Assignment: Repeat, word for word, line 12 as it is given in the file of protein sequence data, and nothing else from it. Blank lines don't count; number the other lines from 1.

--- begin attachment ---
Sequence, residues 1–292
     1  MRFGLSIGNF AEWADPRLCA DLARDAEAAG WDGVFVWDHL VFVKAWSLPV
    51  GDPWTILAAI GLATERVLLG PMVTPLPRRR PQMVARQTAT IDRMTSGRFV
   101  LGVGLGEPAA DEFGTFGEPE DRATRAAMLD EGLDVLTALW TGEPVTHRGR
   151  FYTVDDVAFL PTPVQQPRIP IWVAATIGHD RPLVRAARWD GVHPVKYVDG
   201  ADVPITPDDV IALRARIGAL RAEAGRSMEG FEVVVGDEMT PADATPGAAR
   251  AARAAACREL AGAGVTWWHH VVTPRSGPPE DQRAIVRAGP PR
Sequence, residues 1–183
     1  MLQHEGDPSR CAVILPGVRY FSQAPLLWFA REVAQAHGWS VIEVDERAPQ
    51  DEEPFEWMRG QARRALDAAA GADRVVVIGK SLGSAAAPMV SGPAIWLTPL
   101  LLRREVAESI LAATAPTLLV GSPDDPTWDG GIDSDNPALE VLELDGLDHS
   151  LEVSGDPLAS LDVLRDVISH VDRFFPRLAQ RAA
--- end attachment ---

   151  LEVSGDPLAS LDVLRDVISH VDRFFPRLAQ RAA